East Span Inspires Kid Creations
"My Bay Bridge" on View at MTC
"My Bay Bridge" is on view on the third floor of the MetroCenter. Photos: Peter Beeler
The kids listen closely as Victor Gauthier teaches them about the Bay Bridge's self-anchored suspension span — the largest of its kind in the world.
December 13, 2013
A dozen or so three- and four-year-olds stretched out their arms and swayed back and forth. None of them were alive when the Loma Prieta earthquake rattled the Bay Area in 1989, but you wouldn’t know it from their spot-on impressions of the quaking and shaking Bay Bridge.
The reenactment was part of a field trip to MTC today by the Hummingbird Class at Oakland’s Growing Light Montessori school to view an installation of their bridge-themed paintings. The colorful canvases depict a kid’s-eye view of the new Bay Bridge East Span, which was designed to replace the portion of the bridge that was damaged in the 1989 quake and opened this past Labor Day, 2013.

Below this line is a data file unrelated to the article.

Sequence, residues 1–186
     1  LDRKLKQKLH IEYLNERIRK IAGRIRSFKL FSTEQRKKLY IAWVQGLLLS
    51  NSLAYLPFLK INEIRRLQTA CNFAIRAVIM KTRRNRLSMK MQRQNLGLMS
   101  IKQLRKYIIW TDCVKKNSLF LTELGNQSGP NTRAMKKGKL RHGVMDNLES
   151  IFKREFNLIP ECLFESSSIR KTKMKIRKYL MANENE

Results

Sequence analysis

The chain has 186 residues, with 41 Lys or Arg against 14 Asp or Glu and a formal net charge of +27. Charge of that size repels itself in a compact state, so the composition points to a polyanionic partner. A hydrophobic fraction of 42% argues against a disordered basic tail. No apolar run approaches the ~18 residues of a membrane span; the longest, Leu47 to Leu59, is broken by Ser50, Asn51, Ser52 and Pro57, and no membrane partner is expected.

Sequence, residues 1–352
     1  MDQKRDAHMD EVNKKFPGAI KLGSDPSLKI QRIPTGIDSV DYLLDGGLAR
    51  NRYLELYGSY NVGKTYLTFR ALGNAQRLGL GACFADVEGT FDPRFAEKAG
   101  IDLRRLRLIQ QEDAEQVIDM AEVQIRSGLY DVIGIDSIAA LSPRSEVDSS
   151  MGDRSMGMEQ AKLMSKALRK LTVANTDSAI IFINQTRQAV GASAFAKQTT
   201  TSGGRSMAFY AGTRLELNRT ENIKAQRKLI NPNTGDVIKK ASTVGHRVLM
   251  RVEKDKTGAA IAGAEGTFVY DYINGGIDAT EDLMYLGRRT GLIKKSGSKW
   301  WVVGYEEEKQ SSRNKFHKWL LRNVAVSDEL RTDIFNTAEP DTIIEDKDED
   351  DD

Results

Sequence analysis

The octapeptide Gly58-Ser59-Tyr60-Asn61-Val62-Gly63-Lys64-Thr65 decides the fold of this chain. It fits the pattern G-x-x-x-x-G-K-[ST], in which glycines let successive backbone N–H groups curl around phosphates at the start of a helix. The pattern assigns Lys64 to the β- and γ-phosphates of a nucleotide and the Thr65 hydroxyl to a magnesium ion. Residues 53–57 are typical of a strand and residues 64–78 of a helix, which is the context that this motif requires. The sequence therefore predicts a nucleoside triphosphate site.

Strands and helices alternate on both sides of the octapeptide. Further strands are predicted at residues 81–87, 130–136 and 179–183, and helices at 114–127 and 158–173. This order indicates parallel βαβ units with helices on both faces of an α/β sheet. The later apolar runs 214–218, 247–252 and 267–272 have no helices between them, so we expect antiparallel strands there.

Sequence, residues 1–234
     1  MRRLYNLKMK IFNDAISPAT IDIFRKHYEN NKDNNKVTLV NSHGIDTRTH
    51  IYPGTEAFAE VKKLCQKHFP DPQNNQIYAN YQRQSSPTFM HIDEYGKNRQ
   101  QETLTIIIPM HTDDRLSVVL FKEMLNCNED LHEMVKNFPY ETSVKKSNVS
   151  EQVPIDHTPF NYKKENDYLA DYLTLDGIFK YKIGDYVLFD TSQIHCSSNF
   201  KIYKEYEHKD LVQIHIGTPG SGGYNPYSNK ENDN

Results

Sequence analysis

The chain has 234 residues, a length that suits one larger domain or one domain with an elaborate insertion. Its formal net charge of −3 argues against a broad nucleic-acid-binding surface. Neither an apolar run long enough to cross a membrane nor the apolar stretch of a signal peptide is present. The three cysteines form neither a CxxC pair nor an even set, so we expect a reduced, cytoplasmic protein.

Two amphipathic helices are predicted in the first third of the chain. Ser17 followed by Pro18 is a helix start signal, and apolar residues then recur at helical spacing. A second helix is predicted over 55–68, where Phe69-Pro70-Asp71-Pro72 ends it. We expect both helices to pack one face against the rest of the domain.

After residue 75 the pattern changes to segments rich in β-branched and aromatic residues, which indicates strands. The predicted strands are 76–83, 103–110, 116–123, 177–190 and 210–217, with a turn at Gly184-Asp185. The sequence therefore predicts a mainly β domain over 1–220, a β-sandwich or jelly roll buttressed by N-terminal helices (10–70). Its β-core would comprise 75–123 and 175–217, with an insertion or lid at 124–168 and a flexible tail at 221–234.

The children made the paintings earlier this fall when MTC Principal Engineer Peter Lee, father to Growing Light student Matthew, visited the class and taught them all about earthquake safety and engineering. He showed them a timelapse video of the East Span’s construction, which inspired the students to later make their own renditions out of painter’s tape and acrylic paint.
At today’s event, the preschoolers got a chance to revisit their artwork and enjoy a hands-on presentation by MTC’s Victor Gauthier and Margena Wade, who both work in public outreach for the Bay Bridge. After viewing slides of the old and new bridges via old-fashioned viewfinders, the preschoolers tried their hands at building three-dimensional models of the new span out of wooden blocks.
The Hummingbird class’ unit on the Bay Bridge has clearly left an impression on the young artists: when Wade asked them what they want to be when they grow up, nearly all said “engineer” — except for the two aspiring “kitty cats.”
“My Bay Bridge” is on view on the third floor of the MetroCenter from 9 a.m. to 5 p.m. weekdays. See a complete description of art exhibits at MTC here and a list of bridge-related shows around the Bay Area here.
— Natalie Orenstein